Earlier this month a friend of mine told me about #18for2018 an approach that encourages setting new years resolutions you actually intend to keep. Its pretty common when new year rolls around for each of us to set one or two huge and extreme goals: stop eating all chocolate, go to the gym every day etc. (they may not be extreme for everyone, but they certainly would be for me). 18 for 2018 encourages you to set 18 smaller, more manageable goals that you are committed to achieving.
I love the principle behind this idea, and it aligns blog I wrote previously on
of consistent 1% improvements. This concept also reminded me of the not-so-strenuous new
years resolutions I set myself a few years ago which included learning how
to cook veggie lasagne and to finish watching the Lost TV box-set (both
satisfyingly checked off the list now).
I love the idea of setting goals in both the positive and future focused context.
Rather than deciding that you need to lose the weight gained over a few too
many turkeys over Christmas, focus on what habits you want to create in the
future. This could be taking up a new sport, eating more home-cooked and
healthy meals, or a combination of both. I recently read and loved The Power of Habit by Charles Duhigg,
which argues that habits can be so deeply and subconsciously ingrained in
us, they are impossible to simply stop they need to be replaced with
alternative, more useful habits.
One of my favourite coaches Steve Chandler recommends a no-nonsense, systematic
approach to change. If you dont like the result or output youre creating, you
need to change the system generating these results. This approach can be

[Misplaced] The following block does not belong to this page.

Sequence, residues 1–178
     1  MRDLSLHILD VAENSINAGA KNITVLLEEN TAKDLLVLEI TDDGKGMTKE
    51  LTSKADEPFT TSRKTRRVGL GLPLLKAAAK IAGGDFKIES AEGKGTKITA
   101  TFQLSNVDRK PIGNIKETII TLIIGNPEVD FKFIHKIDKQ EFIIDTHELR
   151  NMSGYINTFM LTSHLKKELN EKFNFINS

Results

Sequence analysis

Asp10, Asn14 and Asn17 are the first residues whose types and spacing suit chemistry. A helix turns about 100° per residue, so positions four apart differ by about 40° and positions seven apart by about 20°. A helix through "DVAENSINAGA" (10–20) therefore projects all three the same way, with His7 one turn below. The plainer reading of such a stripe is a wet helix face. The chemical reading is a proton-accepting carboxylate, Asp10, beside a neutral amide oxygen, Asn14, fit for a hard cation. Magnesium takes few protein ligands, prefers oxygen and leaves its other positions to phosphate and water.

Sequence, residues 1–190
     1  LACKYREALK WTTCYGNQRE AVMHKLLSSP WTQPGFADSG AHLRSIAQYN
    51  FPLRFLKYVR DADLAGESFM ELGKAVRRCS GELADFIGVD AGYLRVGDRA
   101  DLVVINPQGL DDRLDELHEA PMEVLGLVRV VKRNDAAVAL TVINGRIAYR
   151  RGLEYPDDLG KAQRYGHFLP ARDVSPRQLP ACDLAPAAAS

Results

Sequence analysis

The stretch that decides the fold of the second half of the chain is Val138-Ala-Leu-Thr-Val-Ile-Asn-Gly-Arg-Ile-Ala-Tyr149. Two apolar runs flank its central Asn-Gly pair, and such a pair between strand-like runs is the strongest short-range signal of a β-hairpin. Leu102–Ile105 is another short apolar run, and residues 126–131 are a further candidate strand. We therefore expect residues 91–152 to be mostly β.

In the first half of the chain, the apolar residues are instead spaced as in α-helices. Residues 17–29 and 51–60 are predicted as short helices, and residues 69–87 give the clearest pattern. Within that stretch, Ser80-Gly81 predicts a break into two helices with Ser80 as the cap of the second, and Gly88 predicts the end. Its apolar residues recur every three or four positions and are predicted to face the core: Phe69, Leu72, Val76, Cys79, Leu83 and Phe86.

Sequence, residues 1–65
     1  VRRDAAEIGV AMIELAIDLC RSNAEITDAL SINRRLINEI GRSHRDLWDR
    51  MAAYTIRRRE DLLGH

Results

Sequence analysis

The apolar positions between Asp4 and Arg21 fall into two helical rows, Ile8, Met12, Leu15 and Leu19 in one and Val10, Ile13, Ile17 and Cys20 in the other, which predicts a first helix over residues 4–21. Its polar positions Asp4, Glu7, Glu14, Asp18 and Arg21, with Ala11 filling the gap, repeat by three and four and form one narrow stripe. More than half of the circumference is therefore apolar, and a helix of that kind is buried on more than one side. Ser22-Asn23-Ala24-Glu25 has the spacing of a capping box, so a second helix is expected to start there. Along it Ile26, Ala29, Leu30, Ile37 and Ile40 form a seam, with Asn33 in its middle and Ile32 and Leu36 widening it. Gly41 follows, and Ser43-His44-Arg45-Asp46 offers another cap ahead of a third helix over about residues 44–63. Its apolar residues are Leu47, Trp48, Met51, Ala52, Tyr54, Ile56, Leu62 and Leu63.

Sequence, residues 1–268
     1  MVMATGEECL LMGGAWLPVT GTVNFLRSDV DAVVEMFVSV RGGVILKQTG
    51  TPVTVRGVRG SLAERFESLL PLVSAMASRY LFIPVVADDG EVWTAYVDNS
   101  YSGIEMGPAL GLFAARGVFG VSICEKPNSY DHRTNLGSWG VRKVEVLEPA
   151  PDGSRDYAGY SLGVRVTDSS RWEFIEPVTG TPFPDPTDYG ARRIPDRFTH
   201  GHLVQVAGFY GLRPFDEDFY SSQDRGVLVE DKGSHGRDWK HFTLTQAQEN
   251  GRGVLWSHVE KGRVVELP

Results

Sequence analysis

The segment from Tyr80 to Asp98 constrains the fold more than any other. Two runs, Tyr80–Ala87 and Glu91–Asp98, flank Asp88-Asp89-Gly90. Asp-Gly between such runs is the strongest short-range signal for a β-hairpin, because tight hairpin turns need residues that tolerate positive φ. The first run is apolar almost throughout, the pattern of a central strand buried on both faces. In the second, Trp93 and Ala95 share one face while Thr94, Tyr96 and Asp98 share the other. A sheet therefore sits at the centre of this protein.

particularly relevant to graduate job seekers suffering the pain of the
inevitable rejections that are common when trying to land an internship or
graduate programme at their dream company.
Whether your new year goal is to receive an internship offer, boost your grade average
from a 2:2 to a 2:1, or simply start to get to know companies better to prepare
for applications next year, goal setting is important. It provides focus,
structure, and encouragement to keep going one step at a time even when
rejections and disappointments come our way.
Here are my top 5 tips for setting effective and long-lasting
goals for 2018:
1. Keep them positive and future focused Focus on what you want to
do, create, start and continue. If you want to stop something, think about what
you can replace the habit with. Try (where possible) to make the goals fun and
2. Reflect on your why Think about the motivation behind
your goals, and only set goals you are committed to keeping.
3. Create accountability Share your goals with a coach, a
friend, or a colleague. Find others who have set similar goals for 2018 and to
offer each other encouragement.
4. Be specific and write it down One of my
favourite statistics is that were 42% more likely to do stuff that we write
down. This makes sense just as youd write a shopping list before you go to
the shop, write down your goals to remind yourself of your commitments.
5. Break into smaller goals If you have a big
ambitious goal for 2018, break it down into smaller, mini goals. I would argue
the smaller the better. Set specific targets for milestones throughout the year
to keep you engaged and committed.
And finally remember goals dont have to be all or nothing. If you arent
happy with progress towards your goals, start again. Try and view each separate
day as an opportunity to make change happen, and dont use past behaviour to
set your future expectations
Hannah Salton worked in corporate graduate recruitment for 8 years before becoming a
career coach and consultant. She is passionate about enabling people to achieve
their career goals in the hope that they will love their career as much as she